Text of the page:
Amid calls for resignation, Theresa May says Brexit a ‘national duty’

Donald Tusk said the UK can still revoke Article 50

Donald Tusk said the UK can still revoke Article 50

Over a dinner of scallops and cod, 27 European leaders wrangled between a long-game strategy, favoured by European Council President Donald Tusk, to give Britain up to a year to figure out how to leave the EU and Macron's desire to put pressure on British Prime Minister Theresa May by keeping any delay short.

May, who returned in the early hours of Thursday after lengthy and hard talks with EU leaders in Brussels, addressed a crowded chamber in the Houses of Parliament to report on the outcome of her talks with the EU Council.

"They said that the summit" would be advised to provide the United Kingdom with an extension which should be appropriately framed to honor the principle of true cooperation". She urged MPs to take stock and "reflect" over a 10-day Easter break that starts on Friday. "This is our national duty as elected members of this House".

"The Prime Minister stuck rigidly to a flawed plan and now the clock has run down, leaving Britain in limbo", Corbyn said. Most Party lawmakers would like her to quit right now and allow a new leader take control of Brexit's phase.

"I think there is actually more agreement in relation to a customs union than is often given credit for when different language is used", she said. Since Britain's death date of March 29 approached without a settlement in sight, the European Union gave Britain before Friday to accept that a withdrawal plan, alter course and find a further delay to Brexit, or even wreck out of the European Union without a price to cushion the shock.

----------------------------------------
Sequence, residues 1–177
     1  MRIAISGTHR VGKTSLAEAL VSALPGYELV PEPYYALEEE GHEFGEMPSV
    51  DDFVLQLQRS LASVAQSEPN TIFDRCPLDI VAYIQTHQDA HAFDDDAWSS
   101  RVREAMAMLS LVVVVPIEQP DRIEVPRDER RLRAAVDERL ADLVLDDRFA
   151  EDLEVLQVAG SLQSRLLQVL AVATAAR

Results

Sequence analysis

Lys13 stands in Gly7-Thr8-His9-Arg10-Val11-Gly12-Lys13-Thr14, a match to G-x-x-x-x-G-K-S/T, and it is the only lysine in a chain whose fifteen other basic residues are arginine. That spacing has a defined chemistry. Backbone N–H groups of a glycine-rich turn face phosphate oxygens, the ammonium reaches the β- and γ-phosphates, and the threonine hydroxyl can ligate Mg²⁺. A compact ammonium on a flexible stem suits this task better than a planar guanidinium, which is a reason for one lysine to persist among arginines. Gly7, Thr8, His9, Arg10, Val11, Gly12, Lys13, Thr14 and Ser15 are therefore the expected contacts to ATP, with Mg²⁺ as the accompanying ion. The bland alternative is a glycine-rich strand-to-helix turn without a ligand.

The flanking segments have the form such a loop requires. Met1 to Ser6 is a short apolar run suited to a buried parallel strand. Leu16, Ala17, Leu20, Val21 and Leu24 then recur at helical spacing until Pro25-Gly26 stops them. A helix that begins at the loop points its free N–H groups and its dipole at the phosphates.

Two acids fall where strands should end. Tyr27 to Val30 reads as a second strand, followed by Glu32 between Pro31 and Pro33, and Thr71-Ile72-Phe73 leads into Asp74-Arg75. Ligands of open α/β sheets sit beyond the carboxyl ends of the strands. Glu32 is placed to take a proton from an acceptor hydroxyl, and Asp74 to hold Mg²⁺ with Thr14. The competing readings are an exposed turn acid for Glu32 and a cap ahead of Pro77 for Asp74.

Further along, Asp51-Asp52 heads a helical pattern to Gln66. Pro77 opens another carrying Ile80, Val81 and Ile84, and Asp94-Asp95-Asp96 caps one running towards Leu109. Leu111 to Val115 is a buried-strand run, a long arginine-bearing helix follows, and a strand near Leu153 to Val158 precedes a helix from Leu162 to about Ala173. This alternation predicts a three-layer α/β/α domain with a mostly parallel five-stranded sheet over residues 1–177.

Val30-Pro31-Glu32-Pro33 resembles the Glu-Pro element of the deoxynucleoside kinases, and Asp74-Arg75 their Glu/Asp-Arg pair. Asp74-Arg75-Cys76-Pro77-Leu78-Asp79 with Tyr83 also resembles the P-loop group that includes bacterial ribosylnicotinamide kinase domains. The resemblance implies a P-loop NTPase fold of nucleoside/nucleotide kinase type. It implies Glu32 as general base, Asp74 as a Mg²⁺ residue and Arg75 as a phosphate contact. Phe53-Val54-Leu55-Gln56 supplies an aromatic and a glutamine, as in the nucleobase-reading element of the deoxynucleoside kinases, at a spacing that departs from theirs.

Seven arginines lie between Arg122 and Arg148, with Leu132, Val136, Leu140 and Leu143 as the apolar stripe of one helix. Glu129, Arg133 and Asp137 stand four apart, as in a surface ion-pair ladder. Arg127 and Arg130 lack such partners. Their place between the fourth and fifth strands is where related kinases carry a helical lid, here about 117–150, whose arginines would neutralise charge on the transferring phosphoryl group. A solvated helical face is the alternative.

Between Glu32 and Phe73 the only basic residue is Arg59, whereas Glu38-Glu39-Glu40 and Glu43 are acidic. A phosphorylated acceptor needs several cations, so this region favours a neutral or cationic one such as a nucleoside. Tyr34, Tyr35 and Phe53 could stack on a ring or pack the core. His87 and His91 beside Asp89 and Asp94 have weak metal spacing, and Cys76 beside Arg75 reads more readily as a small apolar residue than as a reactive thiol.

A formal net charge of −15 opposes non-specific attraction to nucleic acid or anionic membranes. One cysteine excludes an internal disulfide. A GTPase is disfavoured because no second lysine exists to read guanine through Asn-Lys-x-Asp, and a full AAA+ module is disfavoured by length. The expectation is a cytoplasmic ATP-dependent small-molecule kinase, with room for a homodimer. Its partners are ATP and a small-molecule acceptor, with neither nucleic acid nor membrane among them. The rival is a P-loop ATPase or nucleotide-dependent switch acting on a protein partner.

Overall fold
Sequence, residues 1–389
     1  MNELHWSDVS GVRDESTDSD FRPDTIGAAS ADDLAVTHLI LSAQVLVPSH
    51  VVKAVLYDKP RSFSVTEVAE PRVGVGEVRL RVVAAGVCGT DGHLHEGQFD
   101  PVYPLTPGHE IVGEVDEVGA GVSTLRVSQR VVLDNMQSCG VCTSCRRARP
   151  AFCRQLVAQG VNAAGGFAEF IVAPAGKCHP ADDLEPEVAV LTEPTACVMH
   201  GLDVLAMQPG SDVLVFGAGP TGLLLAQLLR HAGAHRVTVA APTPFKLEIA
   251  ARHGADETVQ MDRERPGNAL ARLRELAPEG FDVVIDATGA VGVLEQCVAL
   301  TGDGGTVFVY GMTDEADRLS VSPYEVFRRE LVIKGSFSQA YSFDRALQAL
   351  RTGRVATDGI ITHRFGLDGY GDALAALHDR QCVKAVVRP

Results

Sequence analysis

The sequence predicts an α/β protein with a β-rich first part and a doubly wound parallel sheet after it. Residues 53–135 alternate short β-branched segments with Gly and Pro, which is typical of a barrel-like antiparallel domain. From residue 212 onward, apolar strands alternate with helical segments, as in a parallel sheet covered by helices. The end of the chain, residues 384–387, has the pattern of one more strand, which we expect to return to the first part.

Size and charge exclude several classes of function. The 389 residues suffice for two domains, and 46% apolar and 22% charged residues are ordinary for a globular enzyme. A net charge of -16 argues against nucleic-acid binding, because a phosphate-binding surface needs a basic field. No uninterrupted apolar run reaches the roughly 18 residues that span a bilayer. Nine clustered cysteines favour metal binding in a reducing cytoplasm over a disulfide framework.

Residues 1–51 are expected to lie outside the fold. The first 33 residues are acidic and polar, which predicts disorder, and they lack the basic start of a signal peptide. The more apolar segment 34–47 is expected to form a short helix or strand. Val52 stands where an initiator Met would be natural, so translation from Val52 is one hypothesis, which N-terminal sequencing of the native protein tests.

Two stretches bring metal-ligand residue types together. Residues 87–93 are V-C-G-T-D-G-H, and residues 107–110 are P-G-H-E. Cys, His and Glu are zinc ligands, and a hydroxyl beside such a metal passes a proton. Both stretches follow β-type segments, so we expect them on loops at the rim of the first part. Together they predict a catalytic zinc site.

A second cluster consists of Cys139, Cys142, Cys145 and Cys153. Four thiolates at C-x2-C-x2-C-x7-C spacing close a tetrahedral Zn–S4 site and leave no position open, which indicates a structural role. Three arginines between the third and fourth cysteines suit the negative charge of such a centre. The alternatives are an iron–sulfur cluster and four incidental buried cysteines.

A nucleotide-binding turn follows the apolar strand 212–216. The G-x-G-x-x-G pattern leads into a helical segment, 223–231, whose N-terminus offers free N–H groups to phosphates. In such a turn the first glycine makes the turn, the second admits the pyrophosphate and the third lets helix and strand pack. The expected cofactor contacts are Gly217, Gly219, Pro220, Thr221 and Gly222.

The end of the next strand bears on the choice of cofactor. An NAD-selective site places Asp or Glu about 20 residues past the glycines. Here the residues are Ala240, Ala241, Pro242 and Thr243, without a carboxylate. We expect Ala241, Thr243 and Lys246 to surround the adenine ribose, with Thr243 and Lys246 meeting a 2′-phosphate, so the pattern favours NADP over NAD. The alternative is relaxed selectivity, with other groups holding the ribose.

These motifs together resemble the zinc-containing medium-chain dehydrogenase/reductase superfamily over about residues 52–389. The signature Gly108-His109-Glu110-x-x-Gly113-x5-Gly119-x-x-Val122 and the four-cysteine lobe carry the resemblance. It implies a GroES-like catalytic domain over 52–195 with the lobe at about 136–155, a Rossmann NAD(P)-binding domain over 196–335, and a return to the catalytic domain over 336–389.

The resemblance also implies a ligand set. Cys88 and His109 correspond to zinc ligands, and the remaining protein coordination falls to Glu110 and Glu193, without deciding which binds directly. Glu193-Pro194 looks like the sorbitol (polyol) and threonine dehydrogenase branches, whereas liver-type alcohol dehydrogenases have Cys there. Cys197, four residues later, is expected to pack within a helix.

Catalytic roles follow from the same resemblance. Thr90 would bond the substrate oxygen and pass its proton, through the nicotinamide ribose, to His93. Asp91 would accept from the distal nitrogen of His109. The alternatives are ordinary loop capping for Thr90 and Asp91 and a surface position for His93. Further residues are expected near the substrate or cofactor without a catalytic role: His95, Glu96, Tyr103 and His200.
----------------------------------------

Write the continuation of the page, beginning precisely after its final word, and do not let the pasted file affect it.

European Union rules say that any expansion to the Brexit deadline requires unanimity among the 27 other member states, and even if smaller member states would be hard to do it on their own, France has never shied away from becoming an European Union leader - at the cost of Britain.

The Guardian reported Friday the British government has stood down an army of 6,000 civil servants who had been preparing for a no-deal Brexit.

Leaders said after hearing May speak though Macron had reservations, they were likely to grant a Brexit delay.

However there was further anger among Tories Brexiteers after it emerged the Government had shelved emergency planning for a no-deal Brexit following the latest extension. May had requested pushing the Brexit deadline back to June 30, but did not object to a longer delay.

But Macron insisted that a long delay would upset the functioning of the EU, which is set to decide on the presidencies of the European Commission and the Council, among other issues, later this year.

In a potential European Parliament election, Labour would lead with 24 per cent, followed by the Conservatives on 16 per cent, the Brexit party on 15, UKIP on 14, the Lib Dems and Greens scoring 8 per cent each, and Change UK on 7 per cent, the poll claimed. A few days of discussions between the Conservative government of May and the opposition Labour Party targeted at finding a compromise have failed to make a breakthrough.

"We are in a very, very annoying scenario", Roth said as he came Tuesday in an European Union meeting in Luxembourg.

The British press compared the latest Brexit machinations to Wednesday's other big news - the publication of the first-ever photograph of a black hole.

So EU countries, especially France, have become increasingly exasperated with uncertainty and the political branch in Britain in a way forward. If May can't win support from the Labour Party, she plans to ask Parliament to vote on several Brexit options.

However, U.K. lawmakers rejected it three times.

"I really don't believe the British people would thank us if we left without a deal". 22 weeks from today would be 12 September, and pro-EU politicians in the UK were quick to comment that the October extension would be just enough for a "People's Vote" to be held, if the UK Parliament so wishes.